search.noResults

search.searching

dataCollection.invalidEmail
note.createNoteMessage

search.noResults

search.searching

orderForm.title

orderForm.productCode
orderForm.description
orderForm.quantity
orderForm.itemPrice
orderForm.price
orderForm.totalPrice
orderForm.deliveryDetails.billingAddress
orderForm.deliveryDetails.deliveryAddress
orderForm.noItems
SODWIRUP DQJOH SODWIRUP DQJOH Ő


Ő


5


7KH GLffHUHQFH EHWZHHQ VLGHVOLSSLQJ DQG VWRSSLQJ LV D SODWIRUP DQJOH WKDW LV JUHDWHU RU OHVV WKDQ GHJUHHV 7KLV VNLHU FRQWUROV WKH SODWIRUP DQJOH E\ varying her angulation.


HOW YOU SKI, THE PLATFROM ANGLE, AND HOW TO CANT YOUR BOOTS Good skiers get down the hill through a constantly varying combination of slipping, slicing, skidding and carving. So, from a strong, neutral stance, they want to be able to easily either slip or hold. And for that to happen, the platform angle needs to be right about 90 degrees in that strong, neutral stance. It’s the purpose of boot canting to achieve just that. This explains why the standard methods


of measuring a skier for cants works (two are shown in figures 8 and 9). They adjust the boot, with shims under the soles or changing the lateral tilt of the cuff, so that a line from the middle of the knee to the middle of the boot sole is perpendicular to the sole. That means the ski will have a platform angle of 90 degrees when the knee is over the middle of the foot. These methods provide a good starting


point but shouldn’t be taken as absolute. Each skier’s build and skiing style play a part in determining the best setup, and the best canting for a serious skier usually involves some experimentation. A shortcoming of the standard cant assess-


ment methods is that they measure skiers while they are standing on a level surface, with legs equally flexed at the knee and hip, and with equal weight on both feet. The only time skiers are in this posture is when they’re going straight down the hill. When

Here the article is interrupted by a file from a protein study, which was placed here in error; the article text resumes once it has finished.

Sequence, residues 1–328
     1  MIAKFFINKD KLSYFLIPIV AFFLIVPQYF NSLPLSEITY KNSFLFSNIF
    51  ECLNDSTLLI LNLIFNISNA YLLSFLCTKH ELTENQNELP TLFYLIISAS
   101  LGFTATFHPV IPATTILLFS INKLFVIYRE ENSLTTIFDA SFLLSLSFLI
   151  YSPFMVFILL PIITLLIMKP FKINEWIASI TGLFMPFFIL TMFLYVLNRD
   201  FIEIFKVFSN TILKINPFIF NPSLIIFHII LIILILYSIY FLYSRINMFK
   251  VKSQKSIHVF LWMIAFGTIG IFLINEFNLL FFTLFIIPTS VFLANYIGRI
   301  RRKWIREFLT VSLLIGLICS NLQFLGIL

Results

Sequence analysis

6


Mikaela Kirchgasser intentionally drifts the entry to this turn by expanding the skis’ platform angle beyond 90 degrees to make her skis slip sideways, then drops into the turn and makes them bite by reducing the angle to less than 90 degrees. She does this here primarily by adjusting her hip angulation.


THESNOWPROS.ORG | 39


Page 1  |  Page 2  |  Page 3  |  Page 4  |  Page 5  |  Page 6  |  Page 7  |  Page 8  |  Page 9  |  Page 10  |  Page 11  |  Page 12  |  Page 13  |  Page 14  |  Page 15  |  Page 16  |  Page 17  |  Page 18  |  Page 19  |  Page 20  |  Page 21  |  Page 22  |  Page 23  |  Page 24  |  Page 25  |  Page 26  |  Page 27  |  Page 28  |  Page 29  |  Page 30  |  Page 31  |  Page 32  |  Page 33  |  Page 34  |  Page 35  |  Page 36  |  Page 37  |  Page 38  |  Page 39  |  Page 40  |  Page 41  |  Page 42  |  Page 43  |  Page 44  |  Page 45  |  Page 46  |  Page 47  |  Page 48  |  Page 49  |  Page 50  |  Page 51  |  Page 52  |  Page 53  |  Page 54  |  Page 55  |  Page 56  |  Page 57  |  Page 58  |  Page 59  |  Page 60  |  Page 61  |  Page 62  |  Page 63  |  Page 64  |  Page 65  |  Page 66  |  Page 67  |  Page 68  |  Page 69  |  Page 70  |  Page 71  |  Page 72  |  Page 73  |  Page 74  |  Page 75  |  Page 76